Participatory Philosophy

By: Kathy Kastner March 30, 2012 The Society of Participatory Medicine supports “a movement in which networked patients shift from being mere passengers to responsible drivers of their health, and in which providers encourage and value them as full partners.” This concept seems especially essential for anyone whose quality of life is constantly adversely affected by a health condition: get in the driver’s seat.

 

Be that as it may, being a participatory patient is not for the faint of heart. As a member of the Society, I decided to articulate my own philosophy:

My 8 Point Philosophy of Participatory Medicine

1. I want to learn about my health issue(s).

* I feel I have sufficient skills and capabilities to be participatory. * I understand that, along with the learning and empowerment process, come stresses, disappointments, irritation, frustration, and exhaustion.

2. When I don’t understand something, I ask for an explanation.

* In the doctor’s office, I seek strategies to improve meaningful communication, and ask that jargon be written down so I can do my own research. * Before a doctor’s appointment, if I’m fearful, I research my symptoms and conditions to the best of my abilities, and bring my questions with me.

3. I’ve learned to do my own research, using [...] continue the story

To Answer Honestly, or not…

By Sean McDermott

“How are you”, says my Doctors.

“How are you feeling” say my friends.

“How have you been” say my acquaintances………………….

I don’t know how to answer. I don’t know how to explain or analogise this state. I am still waiting for a liver transplant after four years. Those haven’t been wasted years because I’ve learned a lot about myself and I haven’t changed a lot, but I have a little. The fact is the liver transplant list here in Toronto is comprised of 6-700 individuals like myself with various factors leading to the eventual destruction of enough liver tissue to prevent any possibility of re-generation. The person to receive the next transplant (about 1 every 3 or 4 days) is close to death or heading there quickly and will not live without transplant. Others like me suffer imbalances in our metabolism that causes fluid retention and extreme fatigue.There is a separate structure (Living Donor) for those whose family or friends will donate half a liver in an elaborate but lifesaving surgery without the wait.

The wait.

If I were to find you lined up in a bank or for a bus, and instead of being the usual ten minutes it was now two hours [...] continue the story

Defying the Odds – Living with ALS

The Robertsons share their experiences living with ALS and how their support systems help them. Thank you to the Robertsons, for all you do in the ALS community, and to Kyle and Matt for filming/creating this video.

My Cousin Kristin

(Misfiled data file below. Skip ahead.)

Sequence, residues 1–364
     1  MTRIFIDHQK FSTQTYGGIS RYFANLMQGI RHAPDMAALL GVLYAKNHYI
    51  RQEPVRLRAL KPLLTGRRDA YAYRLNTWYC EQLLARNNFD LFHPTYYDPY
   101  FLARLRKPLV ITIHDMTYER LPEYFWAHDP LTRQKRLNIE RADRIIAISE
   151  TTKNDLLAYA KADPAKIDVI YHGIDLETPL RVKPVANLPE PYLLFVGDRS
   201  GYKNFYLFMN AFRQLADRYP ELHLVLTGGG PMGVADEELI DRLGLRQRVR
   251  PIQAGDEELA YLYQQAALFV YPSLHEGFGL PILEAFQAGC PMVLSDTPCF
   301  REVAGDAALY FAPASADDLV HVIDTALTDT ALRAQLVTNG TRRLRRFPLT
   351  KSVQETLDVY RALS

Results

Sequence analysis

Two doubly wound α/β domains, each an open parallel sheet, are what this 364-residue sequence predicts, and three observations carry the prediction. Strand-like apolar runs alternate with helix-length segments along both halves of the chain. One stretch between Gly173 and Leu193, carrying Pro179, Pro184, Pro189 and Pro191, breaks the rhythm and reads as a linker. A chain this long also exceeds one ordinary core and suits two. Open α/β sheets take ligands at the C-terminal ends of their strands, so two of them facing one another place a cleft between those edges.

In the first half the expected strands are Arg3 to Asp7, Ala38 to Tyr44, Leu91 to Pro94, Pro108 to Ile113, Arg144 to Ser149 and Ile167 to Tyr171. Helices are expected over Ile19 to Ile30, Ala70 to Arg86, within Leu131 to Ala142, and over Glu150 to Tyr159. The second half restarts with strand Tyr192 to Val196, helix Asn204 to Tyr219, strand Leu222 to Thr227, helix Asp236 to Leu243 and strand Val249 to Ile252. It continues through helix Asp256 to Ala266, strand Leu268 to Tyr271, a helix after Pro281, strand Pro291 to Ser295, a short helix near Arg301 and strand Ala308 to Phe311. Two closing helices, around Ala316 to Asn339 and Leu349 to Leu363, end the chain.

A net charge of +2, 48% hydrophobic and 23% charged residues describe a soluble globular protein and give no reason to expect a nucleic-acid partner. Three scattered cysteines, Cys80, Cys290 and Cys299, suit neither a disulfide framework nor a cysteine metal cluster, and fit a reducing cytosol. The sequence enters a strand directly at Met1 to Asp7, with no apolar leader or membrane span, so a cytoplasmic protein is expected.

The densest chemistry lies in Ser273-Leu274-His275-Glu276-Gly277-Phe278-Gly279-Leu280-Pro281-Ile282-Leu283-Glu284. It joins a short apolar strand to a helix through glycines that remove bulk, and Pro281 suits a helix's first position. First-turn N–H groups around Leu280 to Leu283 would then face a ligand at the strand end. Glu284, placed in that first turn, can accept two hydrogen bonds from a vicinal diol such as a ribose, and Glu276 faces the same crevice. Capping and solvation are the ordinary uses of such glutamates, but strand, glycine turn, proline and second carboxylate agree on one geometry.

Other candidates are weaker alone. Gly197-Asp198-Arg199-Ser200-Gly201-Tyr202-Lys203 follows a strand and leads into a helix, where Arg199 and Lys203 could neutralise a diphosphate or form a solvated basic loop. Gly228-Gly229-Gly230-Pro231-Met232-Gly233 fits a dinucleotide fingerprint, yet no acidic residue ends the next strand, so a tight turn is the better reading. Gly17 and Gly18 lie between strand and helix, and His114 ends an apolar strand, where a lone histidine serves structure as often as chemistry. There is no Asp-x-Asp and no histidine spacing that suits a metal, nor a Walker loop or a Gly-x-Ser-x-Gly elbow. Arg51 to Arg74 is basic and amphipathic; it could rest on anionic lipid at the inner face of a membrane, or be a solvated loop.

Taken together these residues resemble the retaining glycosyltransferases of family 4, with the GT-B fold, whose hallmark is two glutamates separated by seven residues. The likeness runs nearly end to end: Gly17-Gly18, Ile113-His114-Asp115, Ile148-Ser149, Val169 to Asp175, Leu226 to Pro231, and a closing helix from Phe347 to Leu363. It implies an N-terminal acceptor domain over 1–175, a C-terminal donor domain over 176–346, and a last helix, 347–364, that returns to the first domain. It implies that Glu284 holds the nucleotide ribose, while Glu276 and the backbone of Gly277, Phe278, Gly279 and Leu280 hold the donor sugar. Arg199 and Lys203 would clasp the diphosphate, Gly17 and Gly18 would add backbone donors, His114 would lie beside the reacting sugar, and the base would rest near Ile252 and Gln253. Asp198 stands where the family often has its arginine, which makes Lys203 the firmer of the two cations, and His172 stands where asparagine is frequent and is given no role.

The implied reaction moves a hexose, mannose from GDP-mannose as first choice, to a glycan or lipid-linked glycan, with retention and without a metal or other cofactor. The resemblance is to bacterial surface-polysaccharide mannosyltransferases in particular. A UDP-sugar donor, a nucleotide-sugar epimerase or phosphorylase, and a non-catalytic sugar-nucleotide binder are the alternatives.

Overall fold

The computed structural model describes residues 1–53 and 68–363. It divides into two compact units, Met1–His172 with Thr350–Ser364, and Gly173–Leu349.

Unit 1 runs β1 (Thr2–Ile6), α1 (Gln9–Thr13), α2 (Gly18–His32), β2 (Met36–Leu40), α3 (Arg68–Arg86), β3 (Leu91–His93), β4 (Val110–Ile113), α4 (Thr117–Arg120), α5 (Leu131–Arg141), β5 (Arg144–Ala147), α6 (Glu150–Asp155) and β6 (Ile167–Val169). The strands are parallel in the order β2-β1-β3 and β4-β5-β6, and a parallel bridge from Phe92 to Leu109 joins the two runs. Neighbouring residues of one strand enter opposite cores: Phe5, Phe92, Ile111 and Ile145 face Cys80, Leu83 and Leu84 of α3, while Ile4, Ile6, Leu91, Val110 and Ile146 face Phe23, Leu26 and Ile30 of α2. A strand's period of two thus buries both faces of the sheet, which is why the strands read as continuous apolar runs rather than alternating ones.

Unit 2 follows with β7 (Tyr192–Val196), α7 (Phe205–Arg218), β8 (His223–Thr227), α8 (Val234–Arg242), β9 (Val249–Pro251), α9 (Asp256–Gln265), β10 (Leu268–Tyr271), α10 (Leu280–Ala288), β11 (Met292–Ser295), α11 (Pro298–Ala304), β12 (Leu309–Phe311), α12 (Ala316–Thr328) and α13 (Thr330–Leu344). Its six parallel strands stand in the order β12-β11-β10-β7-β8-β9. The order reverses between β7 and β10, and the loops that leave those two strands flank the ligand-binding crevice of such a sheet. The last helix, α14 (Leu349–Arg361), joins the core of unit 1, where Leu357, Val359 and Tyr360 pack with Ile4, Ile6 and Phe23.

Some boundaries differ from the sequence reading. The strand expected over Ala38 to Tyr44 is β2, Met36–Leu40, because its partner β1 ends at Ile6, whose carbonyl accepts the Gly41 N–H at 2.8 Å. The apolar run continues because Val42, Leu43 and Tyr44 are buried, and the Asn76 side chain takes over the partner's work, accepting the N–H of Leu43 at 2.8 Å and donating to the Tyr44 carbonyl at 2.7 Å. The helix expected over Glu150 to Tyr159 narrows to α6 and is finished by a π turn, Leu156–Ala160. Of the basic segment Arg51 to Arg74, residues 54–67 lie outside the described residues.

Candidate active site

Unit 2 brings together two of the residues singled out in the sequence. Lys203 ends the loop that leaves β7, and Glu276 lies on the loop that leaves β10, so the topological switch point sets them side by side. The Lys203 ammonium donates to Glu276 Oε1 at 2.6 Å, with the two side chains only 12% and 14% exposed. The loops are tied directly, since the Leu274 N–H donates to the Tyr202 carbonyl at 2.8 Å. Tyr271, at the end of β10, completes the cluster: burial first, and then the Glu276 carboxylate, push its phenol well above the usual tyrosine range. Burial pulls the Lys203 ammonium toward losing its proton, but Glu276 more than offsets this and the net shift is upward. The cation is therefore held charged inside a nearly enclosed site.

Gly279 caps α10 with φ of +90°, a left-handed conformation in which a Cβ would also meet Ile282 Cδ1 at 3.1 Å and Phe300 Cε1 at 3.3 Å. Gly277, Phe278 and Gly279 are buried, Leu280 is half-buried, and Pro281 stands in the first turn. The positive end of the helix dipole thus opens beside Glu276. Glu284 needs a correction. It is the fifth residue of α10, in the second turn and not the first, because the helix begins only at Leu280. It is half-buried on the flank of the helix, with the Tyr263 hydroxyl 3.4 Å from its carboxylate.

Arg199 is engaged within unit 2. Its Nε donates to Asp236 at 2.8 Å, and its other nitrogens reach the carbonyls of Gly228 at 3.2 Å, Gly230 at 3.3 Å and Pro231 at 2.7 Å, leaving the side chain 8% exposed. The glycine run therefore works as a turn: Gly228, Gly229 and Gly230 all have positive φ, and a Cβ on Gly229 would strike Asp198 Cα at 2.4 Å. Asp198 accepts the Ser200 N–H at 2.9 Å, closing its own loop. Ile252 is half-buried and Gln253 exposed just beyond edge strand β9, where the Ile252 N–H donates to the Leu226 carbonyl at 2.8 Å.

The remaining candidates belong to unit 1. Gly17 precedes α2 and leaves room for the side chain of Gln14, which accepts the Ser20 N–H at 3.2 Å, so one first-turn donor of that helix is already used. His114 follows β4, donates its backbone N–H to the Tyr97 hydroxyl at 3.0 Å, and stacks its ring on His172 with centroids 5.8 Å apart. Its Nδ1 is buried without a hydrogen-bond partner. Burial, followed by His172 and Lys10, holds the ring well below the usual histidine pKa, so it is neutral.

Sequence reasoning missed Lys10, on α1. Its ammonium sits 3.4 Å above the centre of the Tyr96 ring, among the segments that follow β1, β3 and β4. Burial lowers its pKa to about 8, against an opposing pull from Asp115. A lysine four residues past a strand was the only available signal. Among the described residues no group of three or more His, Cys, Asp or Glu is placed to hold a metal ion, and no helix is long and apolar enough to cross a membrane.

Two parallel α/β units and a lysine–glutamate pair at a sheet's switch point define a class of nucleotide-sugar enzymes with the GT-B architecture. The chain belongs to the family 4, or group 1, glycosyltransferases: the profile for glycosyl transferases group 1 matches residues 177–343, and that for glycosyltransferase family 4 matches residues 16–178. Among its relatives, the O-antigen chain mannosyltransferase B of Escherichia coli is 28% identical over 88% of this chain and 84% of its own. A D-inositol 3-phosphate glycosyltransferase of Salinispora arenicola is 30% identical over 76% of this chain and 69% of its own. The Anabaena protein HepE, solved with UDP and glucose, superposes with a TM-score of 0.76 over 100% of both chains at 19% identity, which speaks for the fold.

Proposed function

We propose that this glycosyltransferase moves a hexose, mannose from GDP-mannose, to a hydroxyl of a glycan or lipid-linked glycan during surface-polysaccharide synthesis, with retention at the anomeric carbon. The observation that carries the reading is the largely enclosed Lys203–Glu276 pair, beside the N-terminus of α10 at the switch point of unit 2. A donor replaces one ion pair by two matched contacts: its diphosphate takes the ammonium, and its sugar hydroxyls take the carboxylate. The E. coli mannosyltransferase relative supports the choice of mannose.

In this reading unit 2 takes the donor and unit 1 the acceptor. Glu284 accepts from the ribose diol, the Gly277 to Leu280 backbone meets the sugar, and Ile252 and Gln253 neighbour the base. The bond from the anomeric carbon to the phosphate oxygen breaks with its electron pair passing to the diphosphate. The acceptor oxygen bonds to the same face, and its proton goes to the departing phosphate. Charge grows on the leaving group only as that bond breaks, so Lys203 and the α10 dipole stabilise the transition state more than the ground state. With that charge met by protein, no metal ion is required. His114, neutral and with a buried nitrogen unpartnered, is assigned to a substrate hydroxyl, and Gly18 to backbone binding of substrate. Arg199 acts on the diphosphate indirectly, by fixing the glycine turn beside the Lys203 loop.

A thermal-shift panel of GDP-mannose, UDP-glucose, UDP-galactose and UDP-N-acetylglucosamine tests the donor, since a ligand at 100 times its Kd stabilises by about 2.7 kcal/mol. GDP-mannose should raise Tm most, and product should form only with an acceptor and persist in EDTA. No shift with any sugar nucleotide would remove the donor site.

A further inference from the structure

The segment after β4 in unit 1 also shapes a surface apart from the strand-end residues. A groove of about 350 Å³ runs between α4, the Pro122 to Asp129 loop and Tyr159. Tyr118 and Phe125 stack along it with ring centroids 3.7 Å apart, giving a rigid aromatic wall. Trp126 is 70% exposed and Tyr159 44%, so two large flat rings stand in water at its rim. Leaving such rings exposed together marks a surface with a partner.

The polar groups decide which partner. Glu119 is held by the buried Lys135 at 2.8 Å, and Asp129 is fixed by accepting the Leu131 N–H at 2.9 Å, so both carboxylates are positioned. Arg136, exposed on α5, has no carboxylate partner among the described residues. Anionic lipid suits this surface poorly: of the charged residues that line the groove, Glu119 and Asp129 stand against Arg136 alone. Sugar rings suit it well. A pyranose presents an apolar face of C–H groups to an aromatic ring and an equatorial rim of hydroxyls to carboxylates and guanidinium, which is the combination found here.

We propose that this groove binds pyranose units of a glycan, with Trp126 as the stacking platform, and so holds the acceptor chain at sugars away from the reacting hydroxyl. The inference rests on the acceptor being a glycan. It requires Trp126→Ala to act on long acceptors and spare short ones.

*** Editor’s Note: Mitch was 12 years old when he delivered this speech to his school.

————————————————————————————————————————- Just close your eyes and imagine. Imagine you are in a room at a hospital waiting for the doctor to arrive after a checkup. Then the doctor comes out and says, “Well, I hate to say it but… you have cancer.” Hello teachers, judges and fellow students.

To many of you this is just an imaginary scene. But for many people, this imaginary scene is a reality.

Nine years ago this happened to my cousin, Kristin Malone, when she was only seven years old.

It was May 19th, 1994. She had not been feeling well, so she went for a check up with her doctor. She went back to school that day and my aunt went back to work. They thought everything was fine. Then while at work, my aunt got a call from the doctor’s office. They suspected Leukemia! The doctor told her to take Kristin immediately to the Children’s Hospital in Calgary, Alberta.

Imagine how terrifying that would be! You are in your car, on the way to see if you have cancer or not.

Immediately, Kristin had blood tests, and the doctors had to get a sample of [...] continue the story

Now To Tell the Kids…

By Soania Mathur

Time to tell the kids… As I laid down with my youngest daughter tonight, as I usually do while she drifts off to sleep, she looked at me and asked in a tired but inquisitive voice, “Were you born with Parkinson’s”. “Well, it’s a little complicated…” I began. This is just one of many questions I’ve fielded from my girls over the years. “Does your medicine make you feel better?” “How can you swallow so many pills?” “Mama, why are you limping? Did you hurt your foot? ” “Why can’t they find something to make you better?” And my favorite “If I hold your hand forever, will it stop shaking?”

I still marvel at the matter-of-fact nature of the conversations we have about Parkinson’s and the comfortable manner in which our girls discuss this disease. It’s exactly the way I had hoped my Parkinson’s would be perceived by my daughters – as a part of life’s challenges that can be dealt with, not as a frightening life stressor. Children these days are having enough difficulty navigating the world, dealing with school, peer groups, hormones and so on and the last thing I ever wanted was to add to their burden.

Let’s [...] continue the story